The reversed responsibility response

The reversed responsibility response

—switching the burden of proof

September 9, 2012 at 3:10 pm
nonsensenose says:

BS: “I’m going to need a lot of evidence that the supernatural explanation is the correct one, and I’ve seen nothing.”

What is the evidence for your own explanation?

September 9, 2012 at 3:10 pm
Bob Seidensticker says:

My explanation? You mean the default, natural explanation?

September 9, 2012 at 4:48 pm
nonsensenose says:

BS: “You mean the default, natural explanation?”

Yes, evidence for the natural explanation which you believe is the default.

NSN: A couple of thoughts.

(1) The burden of proof is always on the person making the supernatural claim. If science and reason had nothing to say about where morality came from, this would still be true. (Science has lots of unanswered questions. “You got not answer? Well I do–God did it!” is obviously no answer.)

(2) We see morality in other primates. Do they also tap into an objective moral truth? I don’t think so–moral instinct seems to explain this quite well. That is, they’re born with certain instincts that we would call “moral”–compassion, sympathy, a sense of fairness. And so are we.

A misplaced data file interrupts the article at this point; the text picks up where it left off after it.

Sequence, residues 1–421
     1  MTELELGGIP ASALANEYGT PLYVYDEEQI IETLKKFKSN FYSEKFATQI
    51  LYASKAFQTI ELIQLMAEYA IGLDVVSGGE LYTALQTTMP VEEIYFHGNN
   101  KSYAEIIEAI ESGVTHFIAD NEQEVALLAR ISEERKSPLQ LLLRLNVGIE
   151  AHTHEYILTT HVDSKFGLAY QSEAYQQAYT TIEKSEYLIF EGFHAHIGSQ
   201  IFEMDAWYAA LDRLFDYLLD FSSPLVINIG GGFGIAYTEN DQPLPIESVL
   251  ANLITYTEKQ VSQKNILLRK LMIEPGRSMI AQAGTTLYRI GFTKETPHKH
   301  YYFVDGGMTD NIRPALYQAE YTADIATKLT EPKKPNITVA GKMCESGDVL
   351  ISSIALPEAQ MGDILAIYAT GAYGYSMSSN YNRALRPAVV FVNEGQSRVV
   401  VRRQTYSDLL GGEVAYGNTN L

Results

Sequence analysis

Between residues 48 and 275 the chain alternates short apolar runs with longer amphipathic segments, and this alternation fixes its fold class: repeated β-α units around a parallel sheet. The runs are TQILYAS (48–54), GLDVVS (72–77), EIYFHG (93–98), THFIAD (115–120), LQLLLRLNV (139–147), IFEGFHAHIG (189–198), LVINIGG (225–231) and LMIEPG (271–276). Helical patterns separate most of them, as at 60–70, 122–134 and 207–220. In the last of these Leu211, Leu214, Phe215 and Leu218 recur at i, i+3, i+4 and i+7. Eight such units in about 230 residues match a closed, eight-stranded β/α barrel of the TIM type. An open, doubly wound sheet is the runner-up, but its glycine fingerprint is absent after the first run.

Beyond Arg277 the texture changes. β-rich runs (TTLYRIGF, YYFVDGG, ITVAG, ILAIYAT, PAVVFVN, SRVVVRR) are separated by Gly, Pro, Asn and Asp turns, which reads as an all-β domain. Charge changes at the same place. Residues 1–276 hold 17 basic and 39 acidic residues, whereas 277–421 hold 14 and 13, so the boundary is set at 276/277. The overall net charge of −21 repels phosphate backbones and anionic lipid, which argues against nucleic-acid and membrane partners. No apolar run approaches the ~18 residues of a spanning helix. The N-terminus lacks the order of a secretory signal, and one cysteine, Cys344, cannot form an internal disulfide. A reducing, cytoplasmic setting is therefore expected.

1) I see that the burden of proof is on a person making a supernatural claim.
I do not see why your claims would be exempt from the burden of proof.
2) We don’t see morality in other primates. You do.
It is correct, as you state, that we could call some of their observable traits “moral.” It would be equally correct to state that we could call them “social inclinations” or “signals of social status” or “equivalent to human affect” or whatever.
Such claims do not provide any evidence at all.

October 3, 2012 at 9:51 am
Bob Seidensticker says:


Cut to the chase. Show me the evidence for objective moral truth.

October 5, 2012 at 9:07 pm

You first.


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